Jack, Georgetown’s bulldog mascot, doesn’t like to sit on command on Fridays. At least that was what his student handler told me when he wouldn’t sit for a photo with a prospective freshman before the admissions information session during my visit to campus.
My two tour guides, Aneesh ‘19 and Charlotte ‘20, had several things in common. First, they had lived in the same freshman dorm. Second, they had both spent time at Georgetown’s famed villa outside of Florence, Italy, where students can spend anywhere from a semester to a few weeks in the summer. But their paths to Georgetown were very different. Charlotte’s parents both attended Georgetown and met while living in the same freshman dorm Charlotte had lived in. Aneesh, on the other hand, attended a large public school in Tallahassee, Florida and expected to attend a public university in Florida. His college counselor encouraged him to apply to Georgetown and he says that he was so glad he did. He had completed internships at the Department of Defense and the FBI. Next year he is heading to medical school.
As the oldest Catholic university in America, you might think that you’d feel out of place if you’re not Catholic. But my tour guides assured me that it’s quite the opposite. Actually, John Carrol founded Georgetown in 1789 because he wasn’t allowed to attend a U.S. college since he was Catholic so he had to be educated in Europe. He came back to America and started his own college, which is Catholic but “pluralistic.” In fact, Georgetown was the first Catholic university in the U.S. to hire Jewish and Hindu chaplains.
According to Aneesh, “Students here are intersectional. That makes them more accepting. We can engage and have discussions on anything.” He and Charlotte both said that they recommend to prospective freshman that if they come to Georgetown, they should attend different religious services each week to gain new perspectives.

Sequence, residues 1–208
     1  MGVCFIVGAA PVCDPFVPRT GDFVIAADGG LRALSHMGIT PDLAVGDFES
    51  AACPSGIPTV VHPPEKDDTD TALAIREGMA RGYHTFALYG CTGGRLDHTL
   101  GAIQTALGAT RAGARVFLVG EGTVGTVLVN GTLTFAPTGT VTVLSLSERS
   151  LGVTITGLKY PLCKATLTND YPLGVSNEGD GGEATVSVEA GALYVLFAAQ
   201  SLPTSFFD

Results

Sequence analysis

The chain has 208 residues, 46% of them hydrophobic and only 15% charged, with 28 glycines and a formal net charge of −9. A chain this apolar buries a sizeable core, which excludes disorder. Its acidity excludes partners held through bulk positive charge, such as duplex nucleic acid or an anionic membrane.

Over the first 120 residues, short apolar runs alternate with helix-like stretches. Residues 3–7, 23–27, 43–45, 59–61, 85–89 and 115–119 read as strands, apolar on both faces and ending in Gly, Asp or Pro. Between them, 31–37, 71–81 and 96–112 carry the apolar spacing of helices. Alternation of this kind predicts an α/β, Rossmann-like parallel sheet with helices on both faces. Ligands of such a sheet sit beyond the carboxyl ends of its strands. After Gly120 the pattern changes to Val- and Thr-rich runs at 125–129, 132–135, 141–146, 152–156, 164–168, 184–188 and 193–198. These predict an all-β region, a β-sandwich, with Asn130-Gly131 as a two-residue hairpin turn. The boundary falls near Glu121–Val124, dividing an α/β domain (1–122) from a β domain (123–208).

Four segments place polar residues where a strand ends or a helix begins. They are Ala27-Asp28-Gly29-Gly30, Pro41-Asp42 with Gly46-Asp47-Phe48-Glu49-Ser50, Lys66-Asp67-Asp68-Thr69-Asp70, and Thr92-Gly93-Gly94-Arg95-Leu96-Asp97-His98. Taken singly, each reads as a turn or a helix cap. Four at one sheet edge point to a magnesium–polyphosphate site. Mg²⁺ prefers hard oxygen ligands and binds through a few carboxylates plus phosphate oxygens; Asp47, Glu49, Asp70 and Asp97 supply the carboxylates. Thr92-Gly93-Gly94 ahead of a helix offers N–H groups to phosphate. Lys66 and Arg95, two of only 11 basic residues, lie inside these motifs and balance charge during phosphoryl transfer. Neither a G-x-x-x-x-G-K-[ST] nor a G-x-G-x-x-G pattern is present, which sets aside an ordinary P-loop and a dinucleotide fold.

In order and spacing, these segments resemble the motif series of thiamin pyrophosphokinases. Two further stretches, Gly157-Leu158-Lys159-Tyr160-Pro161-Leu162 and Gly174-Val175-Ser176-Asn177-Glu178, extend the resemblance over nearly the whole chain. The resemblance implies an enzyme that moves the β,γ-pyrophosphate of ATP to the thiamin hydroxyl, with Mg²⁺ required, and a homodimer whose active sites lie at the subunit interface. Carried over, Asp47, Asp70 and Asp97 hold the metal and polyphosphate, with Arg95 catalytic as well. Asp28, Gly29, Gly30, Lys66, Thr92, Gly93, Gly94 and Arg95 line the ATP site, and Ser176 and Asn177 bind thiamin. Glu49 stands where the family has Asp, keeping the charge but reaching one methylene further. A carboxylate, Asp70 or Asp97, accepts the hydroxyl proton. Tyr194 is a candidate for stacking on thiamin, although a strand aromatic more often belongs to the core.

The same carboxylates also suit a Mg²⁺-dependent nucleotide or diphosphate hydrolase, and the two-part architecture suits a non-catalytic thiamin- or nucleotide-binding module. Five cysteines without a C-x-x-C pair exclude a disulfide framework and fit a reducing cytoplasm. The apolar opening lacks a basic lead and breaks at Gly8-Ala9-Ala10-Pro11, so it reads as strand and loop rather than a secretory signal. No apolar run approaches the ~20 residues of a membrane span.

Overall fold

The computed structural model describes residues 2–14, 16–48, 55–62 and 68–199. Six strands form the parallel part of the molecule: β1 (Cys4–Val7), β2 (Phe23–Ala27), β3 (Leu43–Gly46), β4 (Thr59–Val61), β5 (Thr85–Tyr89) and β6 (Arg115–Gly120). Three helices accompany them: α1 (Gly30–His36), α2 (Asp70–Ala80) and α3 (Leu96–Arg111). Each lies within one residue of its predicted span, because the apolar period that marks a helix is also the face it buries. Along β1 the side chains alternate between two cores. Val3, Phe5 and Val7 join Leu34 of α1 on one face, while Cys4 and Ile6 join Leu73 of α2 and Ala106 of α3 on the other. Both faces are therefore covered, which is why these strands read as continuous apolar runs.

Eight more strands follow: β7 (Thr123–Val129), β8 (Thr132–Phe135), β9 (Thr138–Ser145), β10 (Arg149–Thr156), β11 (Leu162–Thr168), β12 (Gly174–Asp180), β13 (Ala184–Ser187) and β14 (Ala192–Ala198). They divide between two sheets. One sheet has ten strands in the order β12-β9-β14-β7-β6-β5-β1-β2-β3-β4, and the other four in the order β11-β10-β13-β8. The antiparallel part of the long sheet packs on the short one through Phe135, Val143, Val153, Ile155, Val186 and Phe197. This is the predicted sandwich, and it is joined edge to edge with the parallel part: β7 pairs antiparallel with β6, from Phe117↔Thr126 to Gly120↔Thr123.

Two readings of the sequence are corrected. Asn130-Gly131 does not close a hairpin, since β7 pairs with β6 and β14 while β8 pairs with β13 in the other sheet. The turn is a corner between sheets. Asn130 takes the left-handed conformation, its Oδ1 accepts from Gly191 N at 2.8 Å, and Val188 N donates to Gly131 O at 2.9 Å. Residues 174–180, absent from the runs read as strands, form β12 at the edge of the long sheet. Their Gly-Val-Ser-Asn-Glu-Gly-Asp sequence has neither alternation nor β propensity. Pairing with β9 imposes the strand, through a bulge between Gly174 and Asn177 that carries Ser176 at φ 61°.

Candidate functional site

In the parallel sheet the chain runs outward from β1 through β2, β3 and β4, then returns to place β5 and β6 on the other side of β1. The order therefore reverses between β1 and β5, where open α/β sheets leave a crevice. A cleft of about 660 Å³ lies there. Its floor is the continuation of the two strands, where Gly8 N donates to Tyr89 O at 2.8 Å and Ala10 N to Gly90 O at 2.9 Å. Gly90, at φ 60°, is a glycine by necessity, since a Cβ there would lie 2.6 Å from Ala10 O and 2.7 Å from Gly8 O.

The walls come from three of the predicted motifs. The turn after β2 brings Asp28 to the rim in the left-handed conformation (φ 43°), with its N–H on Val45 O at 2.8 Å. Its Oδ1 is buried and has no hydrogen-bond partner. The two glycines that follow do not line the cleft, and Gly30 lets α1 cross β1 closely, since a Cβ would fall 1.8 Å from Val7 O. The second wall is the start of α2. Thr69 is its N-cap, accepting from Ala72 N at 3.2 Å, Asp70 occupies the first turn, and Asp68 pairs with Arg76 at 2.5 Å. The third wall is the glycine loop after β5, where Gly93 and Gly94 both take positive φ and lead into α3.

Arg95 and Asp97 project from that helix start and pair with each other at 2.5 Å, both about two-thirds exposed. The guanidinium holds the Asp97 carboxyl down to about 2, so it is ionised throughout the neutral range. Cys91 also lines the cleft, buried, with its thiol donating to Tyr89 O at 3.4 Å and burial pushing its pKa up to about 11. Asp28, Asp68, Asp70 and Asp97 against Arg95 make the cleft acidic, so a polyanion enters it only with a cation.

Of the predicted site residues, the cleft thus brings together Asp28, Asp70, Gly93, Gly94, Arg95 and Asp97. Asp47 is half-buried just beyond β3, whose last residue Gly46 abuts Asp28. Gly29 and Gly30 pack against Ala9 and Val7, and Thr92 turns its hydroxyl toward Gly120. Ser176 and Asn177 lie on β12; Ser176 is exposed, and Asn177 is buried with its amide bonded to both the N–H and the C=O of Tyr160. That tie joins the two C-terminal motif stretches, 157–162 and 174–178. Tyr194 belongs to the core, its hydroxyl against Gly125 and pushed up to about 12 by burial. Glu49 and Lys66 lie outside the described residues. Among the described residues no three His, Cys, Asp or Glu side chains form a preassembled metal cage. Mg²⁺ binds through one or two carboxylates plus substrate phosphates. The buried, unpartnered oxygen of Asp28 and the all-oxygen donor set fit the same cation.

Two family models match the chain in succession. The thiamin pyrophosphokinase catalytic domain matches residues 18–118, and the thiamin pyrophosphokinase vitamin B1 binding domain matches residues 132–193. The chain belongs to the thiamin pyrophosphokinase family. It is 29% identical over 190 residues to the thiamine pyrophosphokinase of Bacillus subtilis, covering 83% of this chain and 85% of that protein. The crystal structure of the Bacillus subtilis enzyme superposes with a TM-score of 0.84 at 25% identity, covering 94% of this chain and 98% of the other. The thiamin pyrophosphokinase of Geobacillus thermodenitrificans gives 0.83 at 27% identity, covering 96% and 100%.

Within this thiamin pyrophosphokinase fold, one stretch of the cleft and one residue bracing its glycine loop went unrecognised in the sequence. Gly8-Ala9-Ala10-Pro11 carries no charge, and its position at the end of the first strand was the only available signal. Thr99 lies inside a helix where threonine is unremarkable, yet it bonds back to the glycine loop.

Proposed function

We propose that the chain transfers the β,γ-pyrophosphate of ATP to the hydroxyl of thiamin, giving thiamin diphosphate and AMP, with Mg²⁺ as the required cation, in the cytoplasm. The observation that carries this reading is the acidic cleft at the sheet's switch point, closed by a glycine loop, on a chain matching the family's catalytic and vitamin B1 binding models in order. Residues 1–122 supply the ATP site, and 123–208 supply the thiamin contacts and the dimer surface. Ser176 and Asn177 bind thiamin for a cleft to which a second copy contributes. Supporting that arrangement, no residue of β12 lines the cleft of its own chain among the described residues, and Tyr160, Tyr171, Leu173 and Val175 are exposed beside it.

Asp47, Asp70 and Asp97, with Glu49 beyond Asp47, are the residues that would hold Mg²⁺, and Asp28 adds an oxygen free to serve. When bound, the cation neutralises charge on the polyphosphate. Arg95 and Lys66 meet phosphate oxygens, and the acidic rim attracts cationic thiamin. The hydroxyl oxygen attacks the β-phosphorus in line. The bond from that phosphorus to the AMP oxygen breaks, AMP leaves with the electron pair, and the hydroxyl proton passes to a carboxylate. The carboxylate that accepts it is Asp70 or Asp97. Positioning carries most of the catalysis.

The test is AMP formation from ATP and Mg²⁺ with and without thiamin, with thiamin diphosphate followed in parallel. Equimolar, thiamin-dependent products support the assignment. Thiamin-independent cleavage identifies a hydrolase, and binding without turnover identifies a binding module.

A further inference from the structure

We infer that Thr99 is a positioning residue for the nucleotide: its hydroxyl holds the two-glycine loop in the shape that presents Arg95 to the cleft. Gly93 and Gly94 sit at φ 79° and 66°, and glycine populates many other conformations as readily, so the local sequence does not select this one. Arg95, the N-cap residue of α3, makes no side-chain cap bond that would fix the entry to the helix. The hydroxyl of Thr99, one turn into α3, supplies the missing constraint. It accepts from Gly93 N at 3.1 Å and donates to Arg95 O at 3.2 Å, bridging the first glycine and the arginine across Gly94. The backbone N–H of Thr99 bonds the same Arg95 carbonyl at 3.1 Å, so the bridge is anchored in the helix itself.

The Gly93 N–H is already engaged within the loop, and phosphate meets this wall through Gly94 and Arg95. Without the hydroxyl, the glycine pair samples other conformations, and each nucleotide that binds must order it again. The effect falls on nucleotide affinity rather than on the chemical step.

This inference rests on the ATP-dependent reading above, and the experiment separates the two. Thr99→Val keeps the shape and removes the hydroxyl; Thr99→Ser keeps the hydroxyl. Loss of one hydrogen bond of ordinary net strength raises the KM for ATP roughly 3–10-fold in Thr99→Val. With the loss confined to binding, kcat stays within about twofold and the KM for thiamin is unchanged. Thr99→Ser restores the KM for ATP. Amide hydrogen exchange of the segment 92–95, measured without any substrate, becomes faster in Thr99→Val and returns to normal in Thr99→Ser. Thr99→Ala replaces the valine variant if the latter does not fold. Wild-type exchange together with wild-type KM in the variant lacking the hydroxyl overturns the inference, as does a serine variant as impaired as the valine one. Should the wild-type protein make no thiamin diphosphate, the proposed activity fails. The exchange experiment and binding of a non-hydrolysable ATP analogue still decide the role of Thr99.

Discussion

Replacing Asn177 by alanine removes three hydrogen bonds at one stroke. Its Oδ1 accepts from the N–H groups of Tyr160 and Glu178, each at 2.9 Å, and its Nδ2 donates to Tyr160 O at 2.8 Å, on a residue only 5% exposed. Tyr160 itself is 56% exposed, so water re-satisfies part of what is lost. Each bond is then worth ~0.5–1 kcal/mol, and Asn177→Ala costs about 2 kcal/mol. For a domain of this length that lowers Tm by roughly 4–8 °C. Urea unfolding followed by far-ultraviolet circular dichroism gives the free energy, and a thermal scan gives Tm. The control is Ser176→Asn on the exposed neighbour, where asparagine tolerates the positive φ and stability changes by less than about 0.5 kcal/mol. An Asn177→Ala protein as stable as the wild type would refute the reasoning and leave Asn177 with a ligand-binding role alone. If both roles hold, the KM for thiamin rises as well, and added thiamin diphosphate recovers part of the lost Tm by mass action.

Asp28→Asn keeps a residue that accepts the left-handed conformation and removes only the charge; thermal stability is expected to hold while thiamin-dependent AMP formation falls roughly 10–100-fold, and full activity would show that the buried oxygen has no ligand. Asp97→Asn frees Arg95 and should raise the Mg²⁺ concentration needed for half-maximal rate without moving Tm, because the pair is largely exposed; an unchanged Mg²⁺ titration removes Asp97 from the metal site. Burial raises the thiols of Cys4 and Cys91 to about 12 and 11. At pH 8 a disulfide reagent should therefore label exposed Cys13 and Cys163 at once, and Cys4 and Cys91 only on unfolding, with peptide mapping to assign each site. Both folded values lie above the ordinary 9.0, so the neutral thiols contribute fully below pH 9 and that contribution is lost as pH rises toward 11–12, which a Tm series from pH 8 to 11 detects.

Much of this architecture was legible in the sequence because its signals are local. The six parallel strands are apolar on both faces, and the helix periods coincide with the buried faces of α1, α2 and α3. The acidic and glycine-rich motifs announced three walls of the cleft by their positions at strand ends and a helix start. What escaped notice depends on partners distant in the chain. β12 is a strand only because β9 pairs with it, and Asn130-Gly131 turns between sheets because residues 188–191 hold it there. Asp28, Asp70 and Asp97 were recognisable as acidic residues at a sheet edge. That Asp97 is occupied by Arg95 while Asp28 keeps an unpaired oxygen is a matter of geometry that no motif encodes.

Located right on the Potomac a few miles from the National Mall, Georgetown’s campus feels stately and traditional. Traditions abound on campus, including pranks. A tall clock tower on Healy Hall often falls prey to student “creativity”, such as the 2017 incident where two students stole the clock tower hands and replaced them with an inflatable unicorn head. Shops and restaurants on nearby M street are a major draw for students, locals and tourists. Georgetown Cupcake is a popular student destination.
Georgetown does things differently than many universities. Here are a few examples of how:
To match freshman roommates, the university uses a match.com-like app called Charms, where students connect with each other to find a roommate
Freshman have the opportunity to go on an overnight retreat in the Shenandoah Mountains in small groups
Students are required to live on campus for three years; some upper classman dorms have views overlooking the Potomac
Students run The Corp, which owns and operate charitable businesses on campus that give profits back to the school for scholarships, generating annual revenues over $5 million
Georgetown offers early assurance programs for medical and law school, meaning you can apply to medical school after your sophomore year without having to take the MCAT and you can apply to law school at the end of your junior year without having to take the LSAT
Students can minor in Turkish or Persian
As for applying to Georgetown, here’s important information you need to know:
Georgetown doesn’t offer merit aid - all financial grants are based solely on need
There is no ED option, only EA and RD; All EA applicants are either accepted or deferred
Alumni interviews are requried of all applicants
You must send ALL standardized tests you’ve taken (both ACT and SAT) - it is not a score choice college
Three SAT subject tests are required
Goergetown does not use the Common Application